There are number of things that other drivers do that can be extremely irritating and dangerous. Bad tailgating, poor lane discipline, not indicating and undertaking are just a few of the bad habits that occur frequently and are very annoying.
Aside from the inconvenience to other road users, this kind of inconsiderate driving is also very dangerous.
Bad Driving Habits
Some people have no idea what these pretty orange flashing lights are actually for! They move here and there and go wherever they please without any thought of letting the rest of the road users know what their intentions are.
Easpa Cúraim maidir le Lánaí
Some drivers are all over the place and they don’t seem to realise that they are supposed to stay in between those white dashed lines.
SPEED is the single biggest factor contributing to road deaths in Ireland. Over 40% of fatal collisions are caused by excessive or inappropriate speed.
A 5km/h difference in speed could be the difference between life and death for a vulnerable road user like a pedestrian.
- Hit by a car at 60km/h, 9 out of 10 pedestrians will be killed
- Hit by a car at 50km/h, 5 out of 10 pedestrians will be killed
- Hit by a car at 30km/h, 1 out of 10 pedestrians will be killed
Speed has been identified as a key risk factor in road traffic injuries, influencing both the risk of a road crash as well as the severity of the injuries that result from crashes.
Excess speed is defined as exceeding the speed limit.
Inappropriate speed is defined as driving at a speed unsuitable for the prevailing road and traffic conditions.
Excess and inappropriate speed are responsible for a high proportion of the mortality and morbidity that result from road crashes.
Controlling vehicle speed can prevent crashes happening and can reduce the impact when they do occur, lessening the severity of the of injuries sustained by the victims.
This is probably one of the greatest offences. Some drivers are extremely impatient, some people do it without thinking, just following traffic they get a bit close, but then they back off as you accelerate away.
Some drivers tailgate deliberately though, and these are the ones that are the most dangerous. They sit behind you flashing their headlights in an effort to move you, but of course, there is nowhere to go as you are in the process of overtaking and there is no room to pull in on the left.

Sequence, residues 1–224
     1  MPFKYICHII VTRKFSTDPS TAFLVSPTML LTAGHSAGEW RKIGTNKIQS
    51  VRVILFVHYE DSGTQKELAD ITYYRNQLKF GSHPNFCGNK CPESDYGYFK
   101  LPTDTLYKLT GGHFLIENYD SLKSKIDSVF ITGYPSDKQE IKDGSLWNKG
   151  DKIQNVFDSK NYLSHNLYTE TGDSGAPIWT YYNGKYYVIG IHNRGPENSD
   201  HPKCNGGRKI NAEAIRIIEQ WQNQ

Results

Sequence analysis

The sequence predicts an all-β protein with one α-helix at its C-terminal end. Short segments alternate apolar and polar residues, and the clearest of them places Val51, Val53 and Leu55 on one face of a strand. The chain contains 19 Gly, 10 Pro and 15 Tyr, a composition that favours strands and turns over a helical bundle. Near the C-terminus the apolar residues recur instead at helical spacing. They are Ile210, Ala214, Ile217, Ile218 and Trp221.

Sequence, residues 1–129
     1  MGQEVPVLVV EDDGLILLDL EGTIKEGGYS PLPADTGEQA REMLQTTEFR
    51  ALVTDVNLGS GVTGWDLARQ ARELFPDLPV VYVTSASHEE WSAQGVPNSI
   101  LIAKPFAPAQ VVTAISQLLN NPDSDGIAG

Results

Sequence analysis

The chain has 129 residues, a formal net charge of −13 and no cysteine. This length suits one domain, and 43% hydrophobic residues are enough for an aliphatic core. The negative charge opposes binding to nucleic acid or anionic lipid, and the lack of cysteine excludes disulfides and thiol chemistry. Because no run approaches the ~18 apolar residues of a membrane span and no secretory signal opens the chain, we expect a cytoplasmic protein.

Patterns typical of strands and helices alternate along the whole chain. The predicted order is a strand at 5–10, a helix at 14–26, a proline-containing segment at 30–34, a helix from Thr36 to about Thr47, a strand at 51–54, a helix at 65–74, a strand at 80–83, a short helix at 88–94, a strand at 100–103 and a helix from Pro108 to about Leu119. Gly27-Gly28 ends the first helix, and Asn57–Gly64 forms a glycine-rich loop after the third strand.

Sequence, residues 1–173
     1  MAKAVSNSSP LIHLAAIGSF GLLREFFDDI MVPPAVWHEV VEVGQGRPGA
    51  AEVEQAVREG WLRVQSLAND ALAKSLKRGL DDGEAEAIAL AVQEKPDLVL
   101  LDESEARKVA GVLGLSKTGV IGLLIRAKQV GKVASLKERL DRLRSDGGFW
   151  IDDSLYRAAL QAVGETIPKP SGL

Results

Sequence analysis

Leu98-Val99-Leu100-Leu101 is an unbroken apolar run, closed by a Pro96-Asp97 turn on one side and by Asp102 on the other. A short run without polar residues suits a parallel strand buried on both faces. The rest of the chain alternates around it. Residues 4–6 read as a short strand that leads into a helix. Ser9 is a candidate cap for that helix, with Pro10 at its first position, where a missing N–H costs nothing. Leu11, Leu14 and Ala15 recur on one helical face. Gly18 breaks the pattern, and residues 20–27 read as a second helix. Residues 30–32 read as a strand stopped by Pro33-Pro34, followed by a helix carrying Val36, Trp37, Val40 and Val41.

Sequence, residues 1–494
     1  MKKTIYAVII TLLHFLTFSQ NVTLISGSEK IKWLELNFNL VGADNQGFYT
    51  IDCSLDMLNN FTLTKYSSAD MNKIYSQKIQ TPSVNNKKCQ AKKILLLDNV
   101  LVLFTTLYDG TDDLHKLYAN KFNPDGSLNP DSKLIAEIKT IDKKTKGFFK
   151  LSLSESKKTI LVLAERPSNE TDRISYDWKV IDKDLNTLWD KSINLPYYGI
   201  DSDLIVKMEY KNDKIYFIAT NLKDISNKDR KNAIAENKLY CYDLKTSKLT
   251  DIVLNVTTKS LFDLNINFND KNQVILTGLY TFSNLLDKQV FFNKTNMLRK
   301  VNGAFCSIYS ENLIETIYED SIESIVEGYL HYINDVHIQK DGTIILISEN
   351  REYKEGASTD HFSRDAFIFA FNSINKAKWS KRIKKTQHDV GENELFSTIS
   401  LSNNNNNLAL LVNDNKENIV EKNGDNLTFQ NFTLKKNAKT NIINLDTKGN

To this kind of driver, the two second rule means that they can just about cope with another vehicle in front of them before they decide to intimidate them by driving inches away.
Scoitheadh ar an Taobh Istigh
Tailgaters who don’t get their way will often resort to undertaking if they can. Yes, there are also those selfish individuals out there that hog the middle and the outside lane.
They have no idea that there is a queue of traffic waiting to get past them, probably because they are in their own little world thinking about what to have for dinner. This causes some individuals to lose patience and undertake.
- Cutting corners, particularly at junctions.
- No headlights in conditions that require them.
- Throwing cigarettes out the window.
- Leaving main beam on or dipping only at the last minute.
- Inappropriate use of the horn.
- Impatient people pushing in ahead of a queue of traffic.
Smaoinigh ar seo:
Choose your speed and you choose your consequences.
In a 60 km/h zone, travelling at:
- 65 km/h, you are twice as likely to have a serious crash
- 70 km/h, you are four times as likely to have a serious crash
- 75 km/h, you are 10 times as likely to have a serious crash
- 80 km/h, you are 32 times as likely to have a serious crash than if you drive at 60 km/h.
In rural out of town areas, travelling just 10 km/h faster than the average speed of other traffic, you are twice as likely to have a serious crash.